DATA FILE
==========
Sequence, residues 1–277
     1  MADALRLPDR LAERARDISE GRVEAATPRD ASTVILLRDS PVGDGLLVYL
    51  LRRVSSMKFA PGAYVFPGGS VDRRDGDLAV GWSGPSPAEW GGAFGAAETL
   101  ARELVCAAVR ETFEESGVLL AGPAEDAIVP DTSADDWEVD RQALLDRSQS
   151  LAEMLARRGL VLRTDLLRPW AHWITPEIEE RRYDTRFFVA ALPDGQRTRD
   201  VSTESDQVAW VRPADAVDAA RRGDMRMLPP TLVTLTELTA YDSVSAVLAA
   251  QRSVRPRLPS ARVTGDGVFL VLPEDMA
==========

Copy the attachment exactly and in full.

Sequence, residues 1–277
     1  MADALRLPDR LAERARDISE GRVEAATPRD ASTVILLRDS PVGDGLLVYL
    51  LRRVSSMKFA PGAYVFPGGS VDRRDGDLAV GWSGPSPAEW GGAFGAAETL
   101  ARELVCAAVR ETFEESGVLL AGPAEDAIVP DTSADDWEVD RQALLDRSQS
   151  LAEMLARRGL VLRTDLLRPW AHWITPEIEE RRYDTRFFVA ALPDGQRTRD
   201  VSTESDQVAW VRPADAVDAA RRGDMRMLPP TLVTLTELTA YDSVSAVLAA
   251  QRSVRPRLPS ARVTGDGVFL VLPEDMA